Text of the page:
This week’s Picks comes with a strongly recommended fourth selection, the very wonderful new Revolt EP from Swiss coldwave outfit Future Faces.
If you like your post-punk gothy – and let’s face it, you should – these four songs will be right up your alley. Now, on to business. (No, we haven’t forgotten Malevolence. Listen to Malevolence.)
Two Parts Viper
Chariot Music, Inc.
For at least one half of This Decay this album has been highly anticipated for many weeks now and, not that there was any doubt, the second full-length from Atlanta duo ’68 ticks all the right boxes. This is a record of low-fi wonders packed full of distorted guitars, tonnes of swing, slices of aggression and some of the best drumming you’ll hear all year. It shows a band finding its true identity, it sounds refined and well-oiled, and it revels in its swaggering, punk-fuelled fuzzy glory. It starts by bringing the quiet/loud secret sauce of grunge up to date for 2017 and then turns into a challenging and rewarding piece of art. Marvellous.
The Future In Whose Eyes?
We go way, way back with SikTh. They might not be the frantic fruitcakes they were in the early days but they’re quite a band. The Future In Whose Eyes? is their third album, the first in forever, and it translates the spirit of the Opacities EP into a full-length beautifully. Opener ‘Vivid’ rips, and the second and third songs complete a thumping start. In the songs that follow, the blend of spoken-word quirk, massive hooks and tech-metal mayhem is a total bullseye. This is a record of edges and angles, expansiveness and claustrophobic mania. SikTh are just different. They see the world differently. They create music differently. And the metal world is a better place for their return.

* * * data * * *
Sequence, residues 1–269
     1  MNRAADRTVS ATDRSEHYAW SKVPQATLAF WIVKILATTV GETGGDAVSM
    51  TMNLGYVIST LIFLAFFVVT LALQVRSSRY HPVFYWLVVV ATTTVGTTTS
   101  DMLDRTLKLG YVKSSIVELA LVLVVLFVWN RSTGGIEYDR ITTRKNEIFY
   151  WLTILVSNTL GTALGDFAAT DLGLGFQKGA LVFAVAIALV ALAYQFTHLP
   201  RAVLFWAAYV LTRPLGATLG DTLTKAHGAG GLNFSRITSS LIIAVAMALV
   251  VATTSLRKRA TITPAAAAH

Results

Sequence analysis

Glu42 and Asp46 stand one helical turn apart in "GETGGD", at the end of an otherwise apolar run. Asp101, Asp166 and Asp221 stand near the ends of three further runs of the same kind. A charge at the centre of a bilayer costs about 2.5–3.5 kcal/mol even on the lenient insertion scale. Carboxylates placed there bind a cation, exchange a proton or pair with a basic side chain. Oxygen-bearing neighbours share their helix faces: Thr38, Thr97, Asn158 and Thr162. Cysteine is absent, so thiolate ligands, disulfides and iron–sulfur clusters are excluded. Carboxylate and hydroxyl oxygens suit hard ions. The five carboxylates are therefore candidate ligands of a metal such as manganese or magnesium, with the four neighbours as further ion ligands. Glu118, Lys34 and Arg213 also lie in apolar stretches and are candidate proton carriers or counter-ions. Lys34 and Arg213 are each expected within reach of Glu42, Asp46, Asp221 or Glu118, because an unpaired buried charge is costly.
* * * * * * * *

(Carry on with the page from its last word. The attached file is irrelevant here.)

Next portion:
It’s fair to say that this one is a bit of a surprise. Unlike some reviewers I’ve no real animosity towards the Eighteen Visions of old. Vanity and Obsession both had at least something I liked about them but there’s no denying they were of their moment. The same might be said of XVIII, but it just seems more durable than that. It’s a big step back in the direction of hardcore for the returning band, and it’s modern hardcore of the kind dished out by more highly acclaimed bands of late. But it’s also distinctively 18V, with polished production and vocals that could only have been delivered by James Hart. Gigantic riffs and satisfying breakdowns abound. Nice one.
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